One of the many lessons to be learned from the 21st century corporate scandals is that unthinking reliance upon senior officers or outside experts can be dangerous to one's financial security, reputation, and even personal liberty. Sometimes, the representations were true; other times, they were not; and still other times, they were half-truths, misleading at best. So how does the individual employee know when to follow orders and when to ask questions? After all, even though corporations are not the military, they cannot function efficiently if everyone questions every directive. The answer is that there is no substitute for sound judgment and common sense. Each individual employee must bear a measure of personal responsibility, commensurate with his or her position in the company, for knowing right from wrong. After all, stealing is still stealing, even if some corporate officer or outside expert has okayed it.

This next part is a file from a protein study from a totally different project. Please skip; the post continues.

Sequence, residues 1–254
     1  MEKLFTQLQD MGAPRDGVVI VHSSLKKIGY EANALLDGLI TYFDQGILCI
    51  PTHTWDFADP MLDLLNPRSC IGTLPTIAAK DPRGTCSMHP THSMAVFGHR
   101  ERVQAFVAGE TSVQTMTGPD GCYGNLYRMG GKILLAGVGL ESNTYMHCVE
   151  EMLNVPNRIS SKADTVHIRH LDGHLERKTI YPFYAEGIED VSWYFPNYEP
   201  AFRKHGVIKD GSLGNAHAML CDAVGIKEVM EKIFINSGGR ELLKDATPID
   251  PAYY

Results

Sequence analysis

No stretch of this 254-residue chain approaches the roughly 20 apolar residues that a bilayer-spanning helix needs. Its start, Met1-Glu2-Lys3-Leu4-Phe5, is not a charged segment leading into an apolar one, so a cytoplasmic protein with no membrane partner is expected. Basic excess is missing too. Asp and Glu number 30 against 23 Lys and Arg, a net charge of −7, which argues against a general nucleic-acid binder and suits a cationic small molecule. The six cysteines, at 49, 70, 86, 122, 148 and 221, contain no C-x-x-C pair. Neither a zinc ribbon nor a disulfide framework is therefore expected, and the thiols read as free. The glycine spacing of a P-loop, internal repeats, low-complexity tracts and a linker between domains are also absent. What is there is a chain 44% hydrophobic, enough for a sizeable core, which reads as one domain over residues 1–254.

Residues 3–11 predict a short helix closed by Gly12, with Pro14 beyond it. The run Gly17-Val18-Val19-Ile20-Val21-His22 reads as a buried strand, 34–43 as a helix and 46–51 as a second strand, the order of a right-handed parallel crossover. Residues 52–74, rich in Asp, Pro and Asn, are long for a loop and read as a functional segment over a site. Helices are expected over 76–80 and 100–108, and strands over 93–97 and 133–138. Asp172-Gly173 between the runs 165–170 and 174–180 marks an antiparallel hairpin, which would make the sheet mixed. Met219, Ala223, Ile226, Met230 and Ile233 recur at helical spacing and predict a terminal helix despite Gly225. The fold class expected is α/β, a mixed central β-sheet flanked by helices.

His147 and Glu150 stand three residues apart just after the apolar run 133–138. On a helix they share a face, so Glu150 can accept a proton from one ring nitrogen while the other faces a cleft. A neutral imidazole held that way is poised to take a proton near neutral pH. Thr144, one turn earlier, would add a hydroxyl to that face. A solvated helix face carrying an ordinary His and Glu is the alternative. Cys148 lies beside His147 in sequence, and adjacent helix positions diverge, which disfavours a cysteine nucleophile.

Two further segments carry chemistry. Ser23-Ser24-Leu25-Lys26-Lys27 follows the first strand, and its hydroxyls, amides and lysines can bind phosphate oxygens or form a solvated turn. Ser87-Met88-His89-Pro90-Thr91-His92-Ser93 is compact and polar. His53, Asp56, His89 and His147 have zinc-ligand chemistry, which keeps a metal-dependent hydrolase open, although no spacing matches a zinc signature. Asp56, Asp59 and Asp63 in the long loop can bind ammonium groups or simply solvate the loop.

6. The dating game. The pressures from Wall Street for short-term results at public companies have been much discussed, debated, and written about; I won't belabor them here. According to press reports, those pressures led executives at companies like Adelphia and Computer Associates to back-date contracts to enable the financial impact of transactions to be booked when the company wanted or needed it. In Computer Associates' case, it was reported that even the company's general counsel, who should have known better, was involved. In the many companies at which options were backdated, the temptation to attract employees or reward them proved too much for executives.